Tax season is here! While you’re collecting your paperwork and getting your financial records in order, don’t let your guard down this season when it comes to filing your taxes. Scammers today are on the prowl to steal your money and your personal information:
Tax Scams to Watch For
This year’s tax scams lineup includes:
- Identity theft. The No. 1 scam this year is tax-related identity theft, which the IRS defines as someone using a taxpayer’s stolen Social Security number to file a return and claim a fraudulent refund.
- Phone tax scams. Phone calls from criminals impersonating IRS agents remain an ongoing threat. The IRS has seen a surge of these phone tax scams in recent years as scam artists threaten taxpayers with police arrest, deportation and license revocation, among other things.
- Phishing. Phishing emails and text messages appear to come from the IRS and direct consumers to go to what resembles an official website, such as IRS.gov. The sites also may carry malware, which can infect people’s computers and allow criminals to access your files or track your keystrokes to gain information. “The IRS won’t send you an email about a bill or refund out of the blue,” said Koskinen. If you receive a suspicious email, forward it to email@example.com.
- Return preparer fraud. While the vast majority of tax professionals provide honest high-quality service, the IRS warns of “dishonest preparers who set up shop each filing season to perpetrate refund fraud, identity theft and other scams that hurt taxpayers.” It happens frequently enough that this scam makes it onto the “Dirty Dozen” list every year.
- Offshore tax avoidance. Hiding money or income in offshore accounts in order to avoid paying U.S. taxes is among the enduring tax scams.
- Inflated refund claims. This scam, closely related to return preparer fraud, fools consumers into believing preparers who promise a big refund. Inflated refund claims often involve claims for tax credits that taxpayers are not entitled to, such as education credits, the earned income tax credit, or EITC, and the American opportunity tax credit. Scam artists use flyers, advertisements, phony storefronts and word of mouth via community groups to find victims.
- Fake charities. Groups masquerade as charitable organizations to attract donations from unsuspecting contributors. Fake charities often use names similar to well-known organizations and may set up fake websites, which can steal your credit card number and other personal information. Charity tax scams tend to increase in the wake of large-scale natural disasters, so don’t make any contributions without checking first with the IRS or one of the three major charity watchdogs: The BBB (Better Business Bureau’s) Wise Giving Alliance, Charity Navigator, and CharityWatch.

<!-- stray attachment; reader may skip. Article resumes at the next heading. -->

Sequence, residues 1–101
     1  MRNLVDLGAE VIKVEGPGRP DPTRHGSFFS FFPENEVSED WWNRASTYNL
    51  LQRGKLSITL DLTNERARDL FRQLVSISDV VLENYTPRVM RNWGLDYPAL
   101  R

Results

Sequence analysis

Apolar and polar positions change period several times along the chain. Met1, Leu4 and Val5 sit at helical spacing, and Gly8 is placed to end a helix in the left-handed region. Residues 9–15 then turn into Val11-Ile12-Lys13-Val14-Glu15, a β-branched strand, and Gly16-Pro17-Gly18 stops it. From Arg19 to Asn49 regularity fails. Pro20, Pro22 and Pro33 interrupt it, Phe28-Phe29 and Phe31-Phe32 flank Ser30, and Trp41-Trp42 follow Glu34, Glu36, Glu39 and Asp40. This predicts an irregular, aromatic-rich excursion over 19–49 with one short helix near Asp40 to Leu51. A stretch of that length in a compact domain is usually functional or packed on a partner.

- Falsely padding deductions on returns. New this year to the “Dirty Dozen” list, this scam consists of consumers falsely inflating deductions, such as charitable contributions, or expenses on their returns to under-pay what they owe or possibly receive larger refunds.
- Excessive claims for business credits. Taxpayers claim the fuel tax credit, research credit, or other business credits without satisfying the proper requirements.
- Falsifying income to claim credits. Shady tax preparers sometimes talk taxpayers into falsifying their income to qualify for the Earned Income Tax Credit. The penalty is big bills in back taxes and interest, and sometimes even criminal prosecution.
- Abusive tax shelters. If a complex tax avoidance scheme sounds too good to be true, it probably is.
- Frivolous tax arguments. Don’t even think of using unreasonable or outlandish claims to avoid paying taxes. The IRS doesn’t have a sense of humor, witnessed by the penalty for filing a frivolous tax return: $5,000.
SRC: Read the complete article by Consumer Reports here: www.consumerreports.org/taxes/dirty-dozen-tax-scams/